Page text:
London Heathrow Airport air traffic controllers have begun using an enhanced time-based separation (TBS) system to reduce wake separation between landing airliners.

The new system, part of what UK air navigation service provider National Air Traffic Services (NATS) calls its optimized runway delivery tool, is expected to increase capacity at the airport by at least one arrival and one departure per hour, increasing the airport’s operational resilience and improving punctuality.

The system went active March 16.

Heathrow has been making use of TBS since 2015, primarily on windy days to help maintain the flow rate of landings at the two-runway airport. Research using Lidar sensors found that strong headwinds dissipated the effect of wake vortices, allowing landing separation distances to be reduced. The system’s introduction has already saved thousands of minutes of delays each year.

The improved version of the system, known as eTBS, is making use of the latest European Wake Vortex Reclassification (RECAT-EU) categories. Developed by Eurocontrol, RECAT-EU has redefined the minimum distances required for wake vortices to be dissipated. Aircraft have been allocated into six different weight categories, with the Airbus A380 redefined as a “super heavy,” while the Boeing 747 becomes an “upper heavy.”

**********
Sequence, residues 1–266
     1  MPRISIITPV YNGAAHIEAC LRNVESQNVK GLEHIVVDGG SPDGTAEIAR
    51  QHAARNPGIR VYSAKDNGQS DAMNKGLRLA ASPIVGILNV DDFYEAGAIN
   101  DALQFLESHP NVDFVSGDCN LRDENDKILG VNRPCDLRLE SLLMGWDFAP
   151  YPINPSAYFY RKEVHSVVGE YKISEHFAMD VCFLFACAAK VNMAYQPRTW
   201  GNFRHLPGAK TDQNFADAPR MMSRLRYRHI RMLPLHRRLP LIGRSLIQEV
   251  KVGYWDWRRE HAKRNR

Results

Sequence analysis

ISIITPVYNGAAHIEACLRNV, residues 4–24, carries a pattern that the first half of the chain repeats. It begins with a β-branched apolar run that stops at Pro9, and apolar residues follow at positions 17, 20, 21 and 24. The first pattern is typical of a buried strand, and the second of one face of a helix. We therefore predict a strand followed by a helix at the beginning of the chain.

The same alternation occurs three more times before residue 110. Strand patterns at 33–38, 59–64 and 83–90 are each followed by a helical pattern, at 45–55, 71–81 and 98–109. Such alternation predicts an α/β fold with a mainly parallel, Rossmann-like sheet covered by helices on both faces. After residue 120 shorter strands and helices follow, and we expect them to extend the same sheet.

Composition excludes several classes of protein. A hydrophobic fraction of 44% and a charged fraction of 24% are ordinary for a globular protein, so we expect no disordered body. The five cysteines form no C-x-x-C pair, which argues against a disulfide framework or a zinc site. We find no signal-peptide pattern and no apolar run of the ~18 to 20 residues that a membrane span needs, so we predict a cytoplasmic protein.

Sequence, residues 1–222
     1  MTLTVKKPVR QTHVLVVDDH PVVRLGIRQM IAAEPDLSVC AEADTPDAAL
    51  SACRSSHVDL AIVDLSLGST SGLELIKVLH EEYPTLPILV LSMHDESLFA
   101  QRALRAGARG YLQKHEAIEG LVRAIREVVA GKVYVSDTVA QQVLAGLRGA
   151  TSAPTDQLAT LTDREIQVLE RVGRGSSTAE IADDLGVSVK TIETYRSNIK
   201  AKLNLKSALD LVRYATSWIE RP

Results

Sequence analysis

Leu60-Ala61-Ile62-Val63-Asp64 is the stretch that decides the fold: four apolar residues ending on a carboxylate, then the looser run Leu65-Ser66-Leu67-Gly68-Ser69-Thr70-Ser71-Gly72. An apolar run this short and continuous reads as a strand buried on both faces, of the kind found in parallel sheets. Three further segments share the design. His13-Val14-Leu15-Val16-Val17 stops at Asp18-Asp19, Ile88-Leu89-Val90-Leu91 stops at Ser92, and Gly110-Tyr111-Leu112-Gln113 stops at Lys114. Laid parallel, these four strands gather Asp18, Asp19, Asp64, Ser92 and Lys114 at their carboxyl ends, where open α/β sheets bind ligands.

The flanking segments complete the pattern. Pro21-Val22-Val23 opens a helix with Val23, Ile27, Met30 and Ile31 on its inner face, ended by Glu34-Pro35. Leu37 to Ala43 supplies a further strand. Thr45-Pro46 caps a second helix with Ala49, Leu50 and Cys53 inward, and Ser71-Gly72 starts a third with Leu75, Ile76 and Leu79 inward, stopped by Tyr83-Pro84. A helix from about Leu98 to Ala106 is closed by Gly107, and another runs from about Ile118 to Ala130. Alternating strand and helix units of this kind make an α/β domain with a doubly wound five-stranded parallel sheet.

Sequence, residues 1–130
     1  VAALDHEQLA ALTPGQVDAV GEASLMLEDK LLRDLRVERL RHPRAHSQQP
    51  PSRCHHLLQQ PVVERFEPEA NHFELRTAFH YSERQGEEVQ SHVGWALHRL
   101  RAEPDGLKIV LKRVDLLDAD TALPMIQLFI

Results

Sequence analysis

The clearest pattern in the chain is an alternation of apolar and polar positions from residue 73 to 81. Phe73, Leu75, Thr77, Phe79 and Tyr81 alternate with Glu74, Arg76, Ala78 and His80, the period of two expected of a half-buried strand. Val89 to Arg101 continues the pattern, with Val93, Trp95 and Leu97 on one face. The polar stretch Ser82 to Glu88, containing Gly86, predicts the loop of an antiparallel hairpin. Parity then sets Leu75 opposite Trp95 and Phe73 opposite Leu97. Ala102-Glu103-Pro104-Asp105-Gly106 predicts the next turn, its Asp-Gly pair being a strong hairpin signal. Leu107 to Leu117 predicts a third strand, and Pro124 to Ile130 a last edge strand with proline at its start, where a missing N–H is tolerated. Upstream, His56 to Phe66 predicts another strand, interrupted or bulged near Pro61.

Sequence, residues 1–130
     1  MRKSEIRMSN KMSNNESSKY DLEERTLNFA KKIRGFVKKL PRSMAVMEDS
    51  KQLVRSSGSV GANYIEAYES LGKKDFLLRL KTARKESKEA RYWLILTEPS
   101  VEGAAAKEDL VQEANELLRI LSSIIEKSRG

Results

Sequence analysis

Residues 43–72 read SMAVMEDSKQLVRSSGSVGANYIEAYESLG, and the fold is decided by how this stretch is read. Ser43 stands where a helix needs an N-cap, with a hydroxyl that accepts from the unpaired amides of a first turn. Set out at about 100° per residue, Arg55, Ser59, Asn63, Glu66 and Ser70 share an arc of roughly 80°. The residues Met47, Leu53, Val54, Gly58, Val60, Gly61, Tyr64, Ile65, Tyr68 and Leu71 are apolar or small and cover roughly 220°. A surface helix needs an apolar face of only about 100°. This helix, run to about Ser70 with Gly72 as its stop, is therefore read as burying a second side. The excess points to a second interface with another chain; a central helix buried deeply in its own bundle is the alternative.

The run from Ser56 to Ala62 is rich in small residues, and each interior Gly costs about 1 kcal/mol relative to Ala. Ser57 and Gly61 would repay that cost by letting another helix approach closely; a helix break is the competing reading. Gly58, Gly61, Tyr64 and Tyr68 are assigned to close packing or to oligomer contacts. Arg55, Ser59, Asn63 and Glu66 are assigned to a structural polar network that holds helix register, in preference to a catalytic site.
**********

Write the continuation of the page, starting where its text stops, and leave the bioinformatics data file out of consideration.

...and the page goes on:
Narrowbody types, such as the Airbus A320 and Boeing 737, become “upper medium” types. The RECAT-EU work has reduced the separation distances needed for some types, but increased them for other types depending on how they react to wake turbulence.

The eTBS tool gives the air traffic controllers separation markers to the runway threshold based on the RECAT-EU definitions. The tool also provides controllers with runway occupancy indications for pairs of arriving aircraft when that is more limiting than wake separation.

Tony Osborne,